Modernising the AWACS Fleet
The modernisation of the AWACS fleet after 2035 will be crucial not only for NATO, but also for the broader defence of Europe. France and the UK are also struggling with the renovation of their ageing fleets. Paris will have to replace its four E3-F AWACS by 2035.
However, the Loi de programmation militaire (military programming law) for 2019-2025 mentions launching studies for their replacement by that time, suggesting that the country will likely face a capability gap. London has recently announced that it expects a two-year-long capability gap between the phase-out of its E-3D SENTRY, expected this year, and the entering into service of the three Boeing E-7A WEDGETAILS due to be received in 2023. In the past, the UK used to pledge its assets to NATO AEW&C Force’s assets in case of need. For the next two years though, the Royal Air Force will have to rely on NATO aircraft if needed.
Maintaining a high-paced political schedule will therefore be crucial for completing the programme on time, but recent events such as the rushed withdrawal of troops from Afghanistan are exacerbating political tensions among allies and relaunching (again) the calls for more European strategic autonomy. NATO’s European members expected the Biden Administration to mark a radical change compared to the Trump presidency concerning US engagement abroad. However, the cancellation of Australia’s deal to purchase French submarines to finally buy American, and the creation of AUKUS, the new alliance between Canberra, Washington, and London to deal with the rising threat posed by Beijing’s policies in the South China Sea and wider region, have renewed tensions with Paris, and more generally raised concern among European allies.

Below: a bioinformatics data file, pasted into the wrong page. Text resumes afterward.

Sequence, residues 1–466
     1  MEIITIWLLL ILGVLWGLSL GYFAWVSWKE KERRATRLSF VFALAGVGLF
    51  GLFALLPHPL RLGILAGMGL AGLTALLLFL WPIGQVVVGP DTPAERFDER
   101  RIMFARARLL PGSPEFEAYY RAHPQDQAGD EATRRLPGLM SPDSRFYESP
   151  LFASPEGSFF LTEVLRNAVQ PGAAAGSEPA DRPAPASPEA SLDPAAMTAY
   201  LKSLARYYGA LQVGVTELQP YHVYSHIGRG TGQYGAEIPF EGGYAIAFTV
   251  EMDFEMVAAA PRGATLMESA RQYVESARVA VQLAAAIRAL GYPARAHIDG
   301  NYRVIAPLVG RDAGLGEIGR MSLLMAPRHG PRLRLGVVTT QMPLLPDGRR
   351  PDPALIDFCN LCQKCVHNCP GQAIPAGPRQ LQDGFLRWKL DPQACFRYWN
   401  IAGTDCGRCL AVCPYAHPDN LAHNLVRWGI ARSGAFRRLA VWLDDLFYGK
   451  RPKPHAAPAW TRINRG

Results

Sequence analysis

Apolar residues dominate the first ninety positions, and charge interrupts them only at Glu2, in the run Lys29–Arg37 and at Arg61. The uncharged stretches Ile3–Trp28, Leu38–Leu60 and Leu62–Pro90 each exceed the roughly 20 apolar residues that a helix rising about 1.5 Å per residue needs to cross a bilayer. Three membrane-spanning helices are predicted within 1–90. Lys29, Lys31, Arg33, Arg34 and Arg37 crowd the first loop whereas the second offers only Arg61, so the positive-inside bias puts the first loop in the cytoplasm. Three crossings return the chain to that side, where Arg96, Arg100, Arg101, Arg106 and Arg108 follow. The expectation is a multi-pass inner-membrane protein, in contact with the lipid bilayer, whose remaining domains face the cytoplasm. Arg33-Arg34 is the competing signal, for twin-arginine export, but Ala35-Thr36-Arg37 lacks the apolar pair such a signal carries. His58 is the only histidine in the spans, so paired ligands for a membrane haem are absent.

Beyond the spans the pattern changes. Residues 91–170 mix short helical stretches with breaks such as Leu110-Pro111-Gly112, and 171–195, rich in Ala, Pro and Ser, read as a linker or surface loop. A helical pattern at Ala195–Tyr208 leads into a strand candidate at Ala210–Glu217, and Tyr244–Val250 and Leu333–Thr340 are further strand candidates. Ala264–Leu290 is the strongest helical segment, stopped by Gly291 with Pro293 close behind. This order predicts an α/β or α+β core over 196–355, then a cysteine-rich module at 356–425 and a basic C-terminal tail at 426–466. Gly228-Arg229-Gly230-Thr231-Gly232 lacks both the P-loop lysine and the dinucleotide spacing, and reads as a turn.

Moreover, President Biden has recently reaffirmed that the US’ future military engagements abroad will be limited to what is strictly necessary. Already in 2019, when he defined NATO as “brain dead”, French President Macron tried to convince the Allies that establishing a real European strategic autonomy was the best way to protect and promote EU interests abroad. Three years later, an autonomous European defence is far from being realised and EU investments in the defence sector have not worked as a bottom-up driver for a more integrated EU defence policy.
The Path Ahead
The political uncertainty following the recent German elections and the upcoming elections in France might disrupt the EU’s political agenda as well and may even disrupt common European defence efforts. The French EU rotating presidency in the first semester of 2022 might represent the last chance to accelerate defence collaboration. Returning to AWACS, these capabilities are neither included in the programmes already approved under the PESCO framework, nor financed under the European Defence Fund. The lack of proprietary solutions in Europe makes the launch of a European-led project in this domain unlikely. Regarding these considerations, the outcome of the ongoing political tension among some NATO members will be a crucial element vis-à-vis the completion of the future AFCS initiative.